Dinner is a burger from the diner, a wonderful shower is had, much online errands are done and then I collapse, listening to the sound of the Wind River through the window of our motel room.

Photos on instagram

CDT day 82: the kowabunga bandits

July 25
Mileage: 32
1484.5 miles hiked

I have the most magical dreams and when I wake up on my neo-air in the frozen morning air with the dew on my sleeping bag I feel happy for no reason. It’s amazing to be alive, you know?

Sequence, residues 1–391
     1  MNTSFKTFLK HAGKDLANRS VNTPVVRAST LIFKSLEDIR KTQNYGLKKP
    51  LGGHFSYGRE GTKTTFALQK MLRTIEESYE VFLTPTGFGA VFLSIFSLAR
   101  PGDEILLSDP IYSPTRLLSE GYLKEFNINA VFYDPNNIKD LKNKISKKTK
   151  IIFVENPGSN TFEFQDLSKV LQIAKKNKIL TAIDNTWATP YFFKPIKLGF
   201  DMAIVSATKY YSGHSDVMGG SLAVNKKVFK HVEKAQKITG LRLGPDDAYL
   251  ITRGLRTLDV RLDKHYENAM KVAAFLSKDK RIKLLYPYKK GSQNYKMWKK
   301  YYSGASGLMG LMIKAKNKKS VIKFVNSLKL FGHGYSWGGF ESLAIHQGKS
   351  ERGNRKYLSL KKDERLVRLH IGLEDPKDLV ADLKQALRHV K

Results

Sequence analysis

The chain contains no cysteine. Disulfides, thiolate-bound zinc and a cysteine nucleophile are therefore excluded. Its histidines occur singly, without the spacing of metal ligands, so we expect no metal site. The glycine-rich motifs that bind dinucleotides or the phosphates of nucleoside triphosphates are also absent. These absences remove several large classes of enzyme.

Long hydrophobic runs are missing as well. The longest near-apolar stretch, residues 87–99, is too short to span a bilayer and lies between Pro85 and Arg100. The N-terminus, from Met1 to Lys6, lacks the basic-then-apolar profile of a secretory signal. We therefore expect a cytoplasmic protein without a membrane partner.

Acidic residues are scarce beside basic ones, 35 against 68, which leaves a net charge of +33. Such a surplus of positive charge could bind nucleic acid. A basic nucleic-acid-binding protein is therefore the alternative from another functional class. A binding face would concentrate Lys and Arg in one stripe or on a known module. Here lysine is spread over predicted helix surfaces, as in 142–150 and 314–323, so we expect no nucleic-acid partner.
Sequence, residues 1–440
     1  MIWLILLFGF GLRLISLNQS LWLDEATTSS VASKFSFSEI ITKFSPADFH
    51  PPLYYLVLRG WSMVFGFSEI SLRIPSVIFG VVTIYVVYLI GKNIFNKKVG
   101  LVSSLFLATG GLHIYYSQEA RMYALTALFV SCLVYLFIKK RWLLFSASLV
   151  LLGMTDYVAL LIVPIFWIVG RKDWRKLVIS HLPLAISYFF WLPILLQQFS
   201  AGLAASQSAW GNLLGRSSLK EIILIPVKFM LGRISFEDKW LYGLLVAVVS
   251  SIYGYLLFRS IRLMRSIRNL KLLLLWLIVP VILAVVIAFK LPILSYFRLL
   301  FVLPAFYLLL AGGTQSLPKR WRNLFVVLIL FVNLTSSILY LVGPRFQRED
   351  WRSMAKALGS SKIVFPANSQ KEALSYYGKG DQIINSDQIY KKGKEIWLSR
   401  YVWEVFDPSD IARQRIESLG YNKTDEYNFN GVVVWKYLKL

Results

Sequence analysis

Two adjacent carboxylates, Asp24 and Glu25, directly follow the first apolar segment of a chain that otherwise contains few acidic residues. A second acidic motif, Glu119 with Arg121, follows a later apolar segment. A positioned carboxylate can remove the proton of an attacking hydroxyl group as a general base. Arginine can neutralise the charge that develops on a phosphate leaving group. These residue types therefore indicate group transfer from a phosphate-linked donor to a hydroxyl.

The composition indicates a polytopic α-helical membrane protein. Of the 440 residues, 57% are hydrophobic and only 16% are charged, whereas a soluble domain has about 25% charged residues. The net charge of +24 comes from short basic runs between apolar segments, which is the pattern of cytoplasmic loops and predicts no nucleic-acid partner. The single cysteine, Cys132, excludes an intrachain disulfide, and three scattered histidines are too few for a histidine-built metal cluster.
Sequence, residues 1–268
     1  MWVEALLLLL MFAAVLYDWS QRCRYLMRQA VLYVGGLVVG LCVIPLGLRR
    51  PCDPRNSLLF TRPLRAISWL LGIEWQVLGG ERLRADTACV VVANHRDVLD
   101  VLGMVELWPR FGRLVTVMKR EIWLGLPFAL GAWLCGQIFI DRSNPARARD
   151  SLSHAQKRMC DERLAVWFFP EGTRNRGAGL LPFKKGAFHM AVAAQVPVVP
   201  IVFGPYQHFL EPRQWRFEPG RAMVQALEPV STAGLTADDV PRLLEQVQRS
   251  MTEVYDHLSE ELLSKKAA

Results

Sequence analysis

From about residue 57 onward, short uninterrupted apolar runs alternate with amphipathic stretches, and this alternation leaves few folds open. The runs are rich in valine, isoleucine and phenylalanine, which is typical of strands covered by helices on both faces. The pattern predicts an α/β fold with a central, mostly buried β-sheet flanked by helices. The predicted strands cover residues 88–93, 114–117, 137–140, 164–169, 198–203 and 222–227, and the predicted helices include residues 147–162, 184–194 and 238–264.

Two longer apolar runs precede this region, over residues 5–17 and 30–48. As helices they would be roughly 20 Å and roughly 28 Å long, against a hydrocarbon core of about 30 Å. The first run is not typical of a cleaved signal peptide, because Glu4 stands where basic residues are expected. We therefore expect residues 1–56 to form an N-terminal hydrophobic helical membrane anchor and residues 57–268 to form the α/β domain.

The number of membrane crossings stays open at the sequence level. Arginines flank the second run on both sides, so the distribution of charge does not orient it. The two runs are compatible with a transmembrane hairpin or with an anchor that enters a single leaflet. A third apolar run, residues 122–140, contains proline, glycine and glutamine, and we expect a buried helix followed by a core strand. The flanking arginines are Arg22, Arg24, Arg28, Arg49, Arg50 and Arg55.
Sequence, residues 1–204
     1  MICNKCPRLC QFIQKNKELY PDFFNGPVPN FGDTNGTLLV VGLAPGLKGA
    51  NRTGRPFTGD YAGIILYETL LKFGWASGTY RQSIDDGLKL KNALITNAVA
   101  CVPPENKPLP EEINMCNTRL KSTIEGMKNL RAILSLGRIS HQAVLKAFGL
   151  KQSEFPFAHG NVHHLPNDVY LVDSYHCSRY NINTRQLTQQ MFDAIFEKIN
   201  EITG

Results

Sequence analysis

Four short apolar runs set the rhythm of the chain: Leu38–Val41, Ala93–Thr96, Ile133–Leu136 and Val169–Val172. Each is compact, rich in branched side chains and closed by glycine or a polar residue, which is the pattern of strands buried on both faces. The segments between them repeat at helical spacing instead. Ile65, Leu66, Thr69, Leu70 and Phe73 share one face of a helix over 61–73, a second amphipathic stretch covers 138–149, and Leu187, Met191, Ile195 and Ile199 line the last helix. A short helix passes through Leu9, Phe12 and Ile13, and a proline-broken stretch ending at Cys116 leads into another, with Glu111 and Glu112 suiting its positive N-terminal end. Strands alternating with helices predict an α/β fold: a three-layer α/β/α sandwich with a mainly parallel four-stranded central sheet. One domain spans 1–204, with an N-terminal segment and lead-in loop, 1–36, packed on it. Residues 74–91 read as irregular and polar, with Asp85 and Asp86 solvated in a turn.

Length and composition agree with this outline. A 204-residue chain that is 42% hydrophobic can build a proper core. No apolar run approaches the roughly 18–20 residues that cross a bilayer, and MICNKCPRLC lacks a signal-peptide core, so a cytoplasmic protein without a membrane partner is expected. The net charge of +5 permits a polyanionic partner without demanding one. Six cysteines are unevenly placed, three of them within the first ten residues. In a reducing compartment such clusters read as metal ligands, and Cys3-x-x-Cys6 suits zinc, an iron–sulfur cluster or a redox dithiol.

Long slow climb this morning, out of the forest back up into the flowery alpine meadows with their granite peaks. Way up to ten thousand feet! We’re in the Teton Wilderness now. My legs are tired after that climb and I zone out all the way to camp, which is in a river valley between green mountain slopes. I saw a black bear today! Nosing about in a burn amongst the fireweed without a care in the world. It didn’t see me. In camp Track Meat, Spark and I sit in the wide, muddy trail, made convoluted by invisible horses, and make up the story for our bandit gang as we eat our dinners in the gloaming. We’re called the kowabunga bandits, and the setting is medieval Europe, roughly. We’re vigalantes who take out feudal lords and redistribute wealth, after keeping some of it for ourselves. We hike mostly at night and disguise our camps well. Track Meat’s character is called The Red Sweater- he was high up in the king’s guard but deserted after becoming disillusioned after a string of particularly unethical raids on villagers. The Red Sweater has access to much resources and connections and provides us with our hideout deep in the mountains. He’s handy with the hand axes in a fight. His weakness is his bum knee, and he has a characteristic limp because of it.